Radiology experts unpack their artificial intelligence (AI) use cases, sharing their learnings and insights around improving patient outcomes, getting systems up and running, and seeing the most value from radiology AI investments.
At this year’s virtual ASNR Annual Meeting, Elad Walach, CEO, Aidoc, and with expert panelists Dr. Roland Robert Lee, Chief of Neuroradiology at UC San Diego Medical Center; Dr. Marcel Maya, Diagnostic and Interventional Neuroradiology, Co-Chair Department of Imaging at Cedars-Sinai Medical Center; and Dr. Eli Konen, Chair of Diagnostic Imaging at Sheba Medical Center, discussed the future of radiology AI and how to get the most from AI implementation.
The webinar focused on some of the key value points of AI, how well AI operates within the radiology profession and how it streamlines workflows, and on some of the ways in which AI is being applied to different use cases and environments.
The use case for radiology AI
The algorithms from leading AI solutions such as Aidoc, offer medical institutions and practitioners a trusted and stable foundation from which to treat patients and manage workflows.
“All of our images are fed through the Aidoc algorithm for intracranial hemorrhage,” said Dr. Lee. “We use it uniformly for all of our non-contrast head CTs at UC San Diego Medical Center (UCSD). The solution is good at picking up subtle bleeds which is particularly valuable for the trainees.”
Lee points out that this is of immense value for the residents as they are already working long hours, working different rotations, and on a steep learning curve. With massive time limitations and managing multiple patients across different areas of medical practice, trainees benefit from another pair of eyes.
“Another value add is the use of the solution in organizing work lists and streamlining priorities,” added Lee. “When you get to work in the morning, there can be a number of unread studies, so I use Aidoc’s audit to go through the positives first. I also keep the system on during the day so as I’m working through the list, I can check the cases and prioritize my approaches.”
The system supports practitioners in organizing their work lists throughout the day. It allows for busy radiologists to maximize their time more efficiently, and to streamline patient care. The future of radiology AI lies not in simply sticking an algorithm into a system, but in leveraging its potential to improve use cases, to add value, to transform learning, and to integrate workflows more efficiently.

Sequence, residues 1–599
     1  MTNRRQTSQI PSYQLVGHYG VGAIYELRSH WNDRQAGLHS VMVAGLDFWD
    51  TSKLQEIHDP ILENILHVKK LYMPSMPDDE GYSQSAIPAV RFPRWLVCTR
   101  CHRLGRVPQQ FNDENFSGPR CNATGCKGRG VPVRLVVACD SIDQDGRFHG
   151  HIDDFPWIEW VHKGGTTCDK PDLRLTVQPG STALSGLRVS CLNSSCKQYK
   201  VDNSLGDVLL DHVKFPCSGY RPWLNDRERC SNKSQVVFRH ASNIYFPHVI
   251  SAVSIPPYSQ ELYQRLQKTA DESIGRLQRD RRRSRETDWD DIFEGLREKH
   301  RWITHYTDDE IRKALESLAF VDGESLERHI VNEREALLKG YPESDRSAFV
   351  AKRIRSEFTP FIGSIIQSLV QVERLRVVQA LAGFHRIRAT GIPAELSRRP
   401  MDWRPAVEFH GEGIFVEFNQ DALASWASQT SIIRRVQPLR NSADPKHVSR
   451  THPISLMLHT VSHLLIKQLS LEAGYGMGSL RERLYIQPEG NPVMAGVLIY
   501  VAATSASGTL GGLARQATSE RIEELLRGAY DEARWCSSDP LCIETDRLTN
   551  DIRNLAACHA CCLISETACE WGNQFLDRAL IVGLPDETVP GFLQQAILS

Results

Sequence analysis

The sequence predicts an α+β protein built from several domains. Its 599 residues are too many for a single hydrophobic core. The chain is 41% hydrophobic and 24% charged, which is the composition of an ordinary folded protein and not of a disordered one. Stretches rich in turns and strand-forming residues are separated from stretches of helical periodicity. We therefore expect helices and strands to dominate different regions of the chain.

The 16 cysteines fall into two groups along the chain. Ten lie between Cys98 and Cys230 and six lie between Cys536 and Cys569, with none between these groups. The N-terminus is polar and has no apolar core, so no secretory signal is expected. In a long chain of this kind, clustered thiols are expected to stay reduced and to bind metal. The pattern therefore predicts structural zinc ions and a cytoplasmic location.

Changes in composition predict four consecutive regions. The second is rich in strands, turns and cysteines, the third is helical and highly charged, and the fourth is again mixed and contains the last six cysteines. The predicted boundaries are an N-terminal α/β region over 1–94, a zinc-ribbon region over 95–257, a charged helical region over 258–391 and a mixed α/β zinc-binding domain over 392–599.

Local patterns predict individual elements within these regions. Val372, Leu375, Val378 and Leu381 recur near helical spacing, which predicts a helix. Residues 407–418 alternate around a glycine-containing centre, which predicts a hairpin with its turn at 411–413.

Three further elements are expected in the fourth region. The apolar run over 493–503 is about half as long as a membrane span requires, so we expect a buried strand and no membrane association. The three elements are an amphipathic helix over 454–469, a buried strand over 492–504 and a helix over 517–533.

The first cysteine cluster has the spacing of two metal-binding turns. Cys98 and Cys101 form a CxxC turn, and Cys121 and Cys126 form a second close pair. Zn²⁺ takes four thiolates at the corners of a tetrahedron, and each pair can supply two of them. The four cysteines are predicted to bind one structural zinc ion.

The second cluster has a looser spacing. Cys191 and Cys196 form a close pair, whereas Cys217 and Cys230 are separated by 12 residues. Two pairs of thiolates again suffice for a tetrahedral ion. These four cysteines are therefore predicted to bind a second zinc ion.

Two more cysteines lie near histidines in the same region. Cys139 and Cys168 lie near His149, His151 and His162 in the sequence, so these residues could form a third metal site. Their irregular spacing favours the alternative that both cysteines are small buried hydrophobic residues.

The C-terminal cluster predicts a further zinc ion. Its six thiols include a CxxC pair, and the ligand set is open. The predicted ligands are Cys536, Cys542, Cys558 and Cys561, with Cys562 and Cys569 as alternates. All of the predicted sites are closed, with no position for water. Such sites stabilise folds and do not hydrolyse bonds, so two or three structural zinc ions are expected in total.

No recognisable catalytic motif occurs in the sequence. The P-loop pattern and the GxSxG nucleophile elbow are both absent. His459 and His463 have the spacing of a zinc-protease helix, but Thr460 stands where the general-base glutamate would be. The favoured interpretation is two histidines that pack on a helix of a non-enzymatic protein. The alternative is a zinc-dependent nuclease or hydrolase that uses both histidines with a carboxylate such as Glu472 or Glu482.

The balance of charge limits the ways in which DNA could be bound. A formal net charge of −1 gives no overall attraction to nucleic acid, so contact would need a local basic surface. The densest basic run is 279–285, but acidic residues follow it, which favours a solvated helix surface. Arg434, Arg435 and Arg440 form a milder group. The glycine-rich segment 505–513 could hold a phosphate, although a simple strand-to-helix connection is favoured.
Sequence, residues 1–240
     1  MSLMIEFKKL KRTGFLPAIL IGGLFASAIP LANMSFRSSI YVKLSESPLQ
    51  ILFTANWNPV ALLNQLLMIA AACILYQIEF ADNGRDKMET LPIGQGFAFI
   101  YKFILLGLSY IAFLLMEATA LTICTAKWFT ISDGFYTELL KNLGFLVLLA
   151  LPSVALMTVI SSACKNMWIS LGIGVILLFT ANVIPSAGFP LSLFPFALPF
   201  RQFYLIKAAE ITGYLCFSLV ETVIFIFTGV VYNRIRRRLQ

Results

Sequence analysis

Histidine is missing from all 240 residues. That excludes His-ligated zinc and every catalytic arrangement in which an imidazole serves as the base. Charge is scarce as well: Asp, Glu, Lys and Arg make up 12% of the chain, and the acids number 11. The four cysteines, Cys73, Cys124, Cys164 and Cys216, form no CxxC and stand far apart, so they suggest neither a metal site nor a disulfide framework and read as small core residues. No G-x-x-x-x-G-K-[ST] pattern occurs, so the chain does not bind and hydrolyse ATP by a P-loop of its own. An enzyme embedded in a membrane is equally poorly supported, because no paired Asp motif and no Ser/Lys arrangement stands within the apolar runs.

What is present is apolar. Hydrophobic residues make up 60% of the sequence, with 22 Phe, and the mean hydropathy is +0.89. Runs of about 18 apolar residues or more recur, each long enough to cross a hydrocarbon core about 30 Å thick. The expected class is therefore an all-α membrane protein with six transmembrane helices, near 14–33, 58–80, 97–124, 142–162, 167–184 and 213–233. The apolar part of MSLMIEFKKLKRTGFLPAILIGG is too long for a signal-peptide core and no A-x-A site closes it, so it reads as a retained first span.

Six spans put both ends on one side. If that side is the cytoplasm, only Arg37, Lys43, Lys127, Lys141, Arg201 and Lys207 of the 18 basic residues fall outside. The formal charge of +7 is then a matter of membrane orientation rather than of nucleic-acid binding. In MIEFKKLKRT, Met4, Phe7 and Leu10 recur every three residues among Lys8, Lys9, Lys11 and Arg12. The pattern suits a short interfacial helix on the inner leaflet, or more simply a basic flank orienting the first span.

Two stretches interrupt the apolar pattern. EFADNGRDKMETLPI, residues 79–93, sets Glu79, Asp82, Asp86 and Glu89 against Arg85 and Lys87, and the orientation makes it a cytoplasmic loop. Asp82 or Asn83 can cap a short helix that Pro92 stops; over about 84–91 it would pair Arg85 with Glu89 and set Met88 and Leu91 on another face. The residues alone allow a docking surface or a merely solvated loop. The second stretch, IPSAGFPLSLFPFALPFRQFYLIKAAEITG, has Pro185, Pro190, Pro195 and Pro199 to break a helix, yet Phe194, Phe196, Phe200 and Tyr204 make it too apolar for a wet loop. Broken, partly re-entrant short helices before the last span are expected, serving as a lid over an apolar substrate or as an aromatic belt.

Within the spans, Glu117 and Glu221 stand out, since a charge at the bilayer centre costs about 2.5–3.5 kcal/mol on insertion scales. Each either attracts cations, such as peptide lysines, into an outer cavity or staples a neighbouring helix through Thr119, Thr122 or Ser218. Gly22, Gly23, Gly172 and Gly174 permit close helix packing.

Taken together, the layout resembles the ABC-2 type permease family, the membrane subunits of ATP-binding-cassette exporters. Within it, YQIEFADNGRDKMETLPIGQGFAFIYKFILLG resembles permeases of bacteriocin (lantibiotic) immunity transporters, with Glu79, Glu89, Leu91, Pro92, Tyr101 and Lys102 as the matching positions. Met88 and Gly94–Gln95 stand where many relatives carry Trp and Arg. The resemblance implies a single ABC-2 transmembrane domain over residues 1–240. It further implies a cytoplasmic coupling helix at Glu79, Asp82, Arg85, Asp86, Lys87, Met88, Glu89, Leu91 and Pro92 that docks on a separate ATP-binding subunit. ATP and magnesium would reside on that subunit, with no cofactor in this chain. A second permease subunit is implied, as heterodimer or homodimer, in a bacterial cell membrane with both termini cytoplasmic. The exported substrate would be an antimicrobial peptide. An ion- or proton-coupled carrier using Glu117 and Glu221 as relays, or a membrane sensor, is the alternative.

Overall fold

The future of radiology AI lies in workflow integration
Dr. Marcel Maya, Diagnostic and Interventional Neuroradiology, Co-Chair Department of Imaging at Cedars-Sinai Medical Center, uses the Aidoc stroke solution for large vessel occlusion and for c-spine fractures. He unpacks how important it is to ensure that any AI solution be capable of comprehensive integration into existing systems and workflows.
“We adopted the technology early, back in 2017, and intracranial hemorrhage was the first one,” he said. “We quickly moved on to cervical fractures, pulmonary embolism detection and large vessel occlusion. We had to be convinced of the value of adopting these solutions, and then we had to choose the right partner. I can’t over-emphasize how important it is that the solution works within your existing workflows of reading – even if you have the best system available, if it isn’t integrated properly it isn’t going to help.”
For Maya, this integration is not only crucial to ensuring that any AI solution actually delivers on its promised results, but to allowing for the teams to use the system in different ways, to get even more value from the technology and its capabilities.
“Different people use the technology differently, so you want a solution that works seamlessly within your workflows,” he added.
This is a view shared by Dr. Eli Konen, Chair of Diagnostic Imaging at Sheba Medical Center, one of the largest medical centers in Israel with a busy emergency room. His teams have found AI to be very helpful, for both residents and experienced radiologists.
“A key reason for the success in our department is how well it has been adopted,” he said. “It’s already become part of the normal radiologist workflow.”
The future of radiology AI
AI has the potential to elevate the influence that radiologists have on the whole care continuum by providing practitioners with robust and trusted support, allowing for the profession to evolve and adapt to changing patient and market needs.
“Radiologists are past the point of being scared of AI and recognize that they are in the best position to adopt the technology and move AI forward,” said Maya. “The challenge in the past has been that radiologists have not been able to promote our successes or advance our causes in fields that we’ve been developing. They’ve been co-opted by other specialties. This is a way of sitting at the forefront of change, in transforming clinical practice and investing into this field.”
It is patently false that AI is set to replace the radiologist. What’s actually happening is that the radiologist is leveraging AI to sit right on the cutting edge, using these tools to more effectively manage demands on radiologist time and resources. As Dr. Lee pointed out, the demand for radiologists is so high that there need to be more tools to help existing radiologists manage workloads. With AI, professionals can read more efficiently.
The future of radiology AI is not just in algorithms, but in helping radiologists transform departments into digital masterpieces that can integrate, compare, support and translate imagery across multiple touchpoints and departments. That said, the future of radiology AI is actually already here…
“It’s already very well adopted,” said Konen. “In the radiologist mind it is already part of workflow. It’s a reassuring and additional tool for experienced radiologists.”